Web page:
Lake Dunstan cycle trail proposed

Cromwell and District Community Trust secretary Janeen Wood (left) and chairwoman Jacqui Rule at...
Cromwell and District Community Trust secretary Janeen Wood (left) and chairwoman Jacqui Rule at the Goldfields Memorial in the Cromwell Gorge, celebrate the release of a feasibility study outlining the viability of developing of a cycle trail in the gorge. Photo by Leith Huffadine.
Remote, arid landscapes, lake shores, rock bluffs and gold mining history, tunnels and sheep farms.

These are just some of the attractions that would be accessible if a Lake Dunstan cycle trail was built in Central Otago.

The trail, given the nod in a feasibility study released in part to the Otago Daily Times yesterday, would cost about $5.7 million, and stretch between Cromwell and Clyde, on the opposite side of the lake to State Highway 8 in the Cromwell Gorge.

Construction of the proposed 40km trail would provide benefits such as a $1.4 million yearly contribution to the region's economy, and the creation of 13 full-time jobs, within five years.

Cromwell and District Community Trust chairwoman Jacqui Rule said the group, responsible for commissioning the study, was excited about the outcome.

''It will help link together all the other [cycle] trails in the region, and create a network ... just imagine it. It will be so good.''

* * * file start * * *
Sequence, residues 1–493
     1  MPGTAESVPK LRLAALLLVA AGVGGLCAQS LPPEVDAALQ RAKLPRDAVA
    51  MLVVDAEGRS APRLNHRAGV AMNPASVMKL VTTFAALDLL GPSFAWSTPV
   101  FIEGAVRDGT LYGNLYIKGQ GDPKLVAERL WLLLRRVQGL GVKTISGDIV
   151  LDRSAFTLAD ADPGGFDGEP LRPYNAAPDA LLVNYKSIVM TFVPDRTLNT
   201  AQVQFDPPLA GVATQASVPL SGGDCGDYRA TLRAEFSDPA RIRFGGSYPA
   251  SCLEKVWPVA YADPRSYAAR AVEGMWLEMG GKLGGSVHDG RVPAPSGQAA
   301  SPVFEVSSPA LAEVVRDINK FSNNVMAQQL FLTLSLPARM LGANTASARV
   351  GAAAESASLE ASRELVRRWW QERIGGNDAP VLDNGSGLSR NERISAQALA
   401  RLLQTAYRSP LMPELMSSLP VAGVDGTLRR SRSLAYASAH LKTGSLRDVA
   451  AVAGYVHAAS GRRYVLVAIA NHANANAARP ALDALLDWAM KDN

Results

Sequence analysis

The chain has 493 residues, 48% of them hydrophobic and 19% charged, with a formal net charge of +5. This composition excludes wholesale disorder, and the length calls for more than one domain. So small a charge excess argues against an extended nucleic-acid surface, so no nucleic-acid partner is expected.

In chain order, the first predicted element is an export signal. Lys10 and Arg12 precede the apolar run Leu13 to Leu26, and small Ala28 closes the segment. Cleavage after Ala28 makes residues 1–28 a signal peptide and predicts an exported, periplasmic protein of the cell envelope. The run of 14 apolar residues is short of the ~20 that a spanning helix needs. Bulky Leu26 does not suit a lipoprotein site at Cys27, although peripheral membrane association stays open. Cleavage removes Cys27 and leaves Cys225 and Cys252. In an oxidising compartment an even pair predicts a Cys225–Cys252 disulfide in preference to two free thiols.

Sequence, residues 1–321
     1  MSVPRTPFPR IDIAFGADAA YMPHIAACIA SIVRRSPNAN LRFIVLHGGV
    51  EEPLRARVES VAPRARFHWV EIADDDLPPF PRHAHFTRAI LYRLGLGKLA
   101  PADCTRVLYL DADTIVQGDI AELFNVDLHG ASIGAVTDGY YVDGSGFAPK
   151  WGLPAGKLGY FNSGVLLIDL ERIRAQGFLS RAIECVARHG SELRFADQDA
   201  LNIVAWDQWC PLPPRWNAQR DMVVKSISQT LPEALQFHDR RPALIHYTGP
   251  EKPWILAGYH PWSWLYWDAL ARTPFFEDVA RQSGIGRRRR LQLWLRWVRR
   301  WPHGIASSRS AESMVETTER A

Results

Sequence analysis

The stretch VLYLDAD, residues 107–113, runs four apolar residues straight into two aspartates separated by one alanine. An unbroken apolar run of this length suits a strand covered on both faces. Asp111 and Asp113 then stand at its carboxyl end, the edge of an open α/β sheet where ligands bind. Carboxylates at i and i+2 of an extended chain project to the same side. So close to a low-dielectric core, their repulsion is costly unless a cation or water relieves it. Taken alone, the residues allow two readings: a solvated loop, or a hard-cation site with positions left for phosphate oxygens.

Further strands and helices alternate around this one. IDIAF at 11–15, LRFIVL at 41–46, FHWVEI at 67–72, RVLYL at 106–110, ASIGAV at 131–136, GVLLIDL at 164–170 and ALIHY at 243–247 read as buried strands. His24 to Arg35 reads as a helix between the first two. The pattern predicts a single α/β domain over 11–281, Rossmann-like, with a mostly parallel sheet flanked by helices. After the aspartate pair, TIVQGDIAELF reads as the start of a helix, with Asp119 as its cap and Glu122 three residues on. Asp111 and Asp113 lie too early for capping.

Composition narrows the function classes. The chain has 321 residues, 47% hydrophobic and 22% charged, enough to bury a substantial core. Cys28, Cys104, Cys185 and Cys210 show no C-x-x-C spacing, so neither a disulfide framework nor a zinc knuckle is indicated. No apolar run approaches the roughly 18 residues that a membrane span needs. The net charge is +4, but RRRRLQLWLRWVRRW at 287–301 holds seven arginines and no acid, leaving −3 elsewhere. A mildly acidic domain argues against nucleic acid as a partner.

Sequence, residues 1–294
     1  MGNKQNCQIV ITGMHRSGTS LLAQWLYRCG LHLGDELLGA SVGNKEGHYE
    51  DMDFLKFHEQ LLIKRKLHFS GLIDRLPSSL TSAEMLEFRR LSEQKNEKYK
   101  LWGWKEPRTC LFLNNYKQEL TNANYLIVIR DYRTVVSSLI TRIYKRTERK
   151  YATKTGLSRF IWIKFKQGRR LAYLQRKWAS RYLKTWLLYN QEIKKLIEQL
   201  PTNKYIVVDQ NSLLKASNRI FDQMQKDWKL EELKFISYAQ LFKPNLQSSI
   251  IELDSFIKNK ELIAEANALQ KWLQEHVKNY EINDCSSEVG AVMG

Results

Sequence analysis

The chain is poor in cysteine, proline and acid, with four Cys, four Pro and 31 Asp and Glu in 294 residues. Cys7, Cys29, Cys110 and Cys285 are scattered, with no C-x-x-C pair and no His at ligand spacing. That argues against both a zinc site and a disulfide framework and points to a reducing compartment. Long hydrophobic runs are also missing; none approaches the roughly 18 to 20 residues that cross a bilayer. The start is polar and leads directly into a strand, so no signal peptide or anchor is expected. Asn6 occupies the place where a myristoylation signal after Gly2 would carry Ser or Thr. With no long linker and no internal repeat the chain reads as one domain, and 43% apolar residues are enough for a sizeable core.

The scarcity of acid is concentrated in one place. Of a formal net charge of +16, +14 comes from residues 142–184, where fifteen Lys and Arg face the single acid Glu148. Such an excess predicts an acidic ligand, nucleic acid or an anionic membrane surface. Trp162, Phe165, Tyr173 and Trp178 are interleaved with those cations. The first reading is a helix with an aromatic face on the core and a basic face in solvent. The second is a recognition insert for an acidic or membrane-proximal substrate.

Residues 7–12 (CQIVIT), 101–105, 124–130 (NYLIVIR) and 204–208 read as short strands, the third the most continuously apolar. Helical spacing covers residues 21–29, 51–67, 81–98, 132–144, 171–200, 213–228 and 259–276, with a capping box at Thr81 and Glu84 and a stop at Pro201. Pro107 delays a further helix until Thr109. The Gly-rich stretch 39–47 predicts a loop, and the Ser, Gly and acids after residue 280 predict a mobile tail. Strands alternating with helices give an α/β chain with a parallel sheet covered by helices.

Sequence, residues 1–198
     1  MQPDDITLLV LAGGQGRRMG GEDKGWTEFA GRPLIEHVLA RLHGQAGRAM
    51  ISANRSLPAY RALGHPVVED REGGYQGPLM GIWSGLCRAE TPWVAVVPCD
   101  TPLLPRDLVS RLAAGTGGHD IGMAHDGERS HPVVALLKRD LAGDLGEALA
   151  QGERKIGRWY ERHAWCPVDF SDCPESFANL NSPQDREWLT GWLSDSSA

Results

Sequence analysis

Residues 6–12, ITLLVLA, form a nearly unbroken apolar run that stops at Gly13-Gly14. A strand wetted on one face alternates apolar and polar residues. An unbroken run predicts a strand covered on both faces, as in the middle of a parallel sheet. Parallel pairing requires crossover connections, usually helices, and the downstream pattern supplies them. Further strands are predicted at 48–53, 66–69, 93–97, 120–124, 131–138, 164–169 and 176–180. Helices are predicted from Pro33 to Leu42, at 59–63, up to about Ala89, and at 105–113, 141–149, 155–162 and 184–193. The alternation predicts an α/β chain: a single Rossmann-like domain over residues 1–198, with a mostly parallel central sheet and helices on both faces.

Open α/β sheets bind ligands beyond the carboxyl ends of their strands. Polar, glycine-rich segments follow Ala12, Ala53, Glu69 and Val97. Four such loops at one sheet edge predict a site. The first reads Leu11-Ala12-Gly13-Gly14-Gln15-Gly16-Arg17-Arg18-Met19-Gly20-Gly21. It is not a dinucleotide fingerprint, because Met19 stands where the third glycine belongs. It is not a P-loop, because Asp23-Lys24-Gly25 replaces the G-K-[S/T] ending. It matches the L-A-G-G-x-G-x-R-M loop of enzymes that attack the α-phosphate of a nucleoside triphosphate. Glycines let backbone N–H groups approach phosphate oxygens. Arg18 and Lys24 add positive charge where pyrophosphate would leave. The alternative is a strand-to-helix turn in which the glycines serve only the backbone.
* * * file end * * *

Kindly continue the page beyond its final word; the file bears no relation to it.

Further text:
The Central Lakes Trust provided about $74,000 for the study, and expertise and advice came from the Central Otago District Council.

Trust secretary Janeen Wood said without the trust's contribution, the study would never have happened.

''It's just magnificent to finally see a feasibility study, and to be able to tell people about it. [I'm] very happy.''

Mrs Rule said the next step would be to establish a trust to manage planning and development of the trail.

The trust would be responsible for issues such as gaining consent and fundraising for construction costs.

Developing a trail in the Cromwell Gorge was proposed during the first Cromwell Community Plan in 2008.

Further details about the trail would not be known until the study was released in full.



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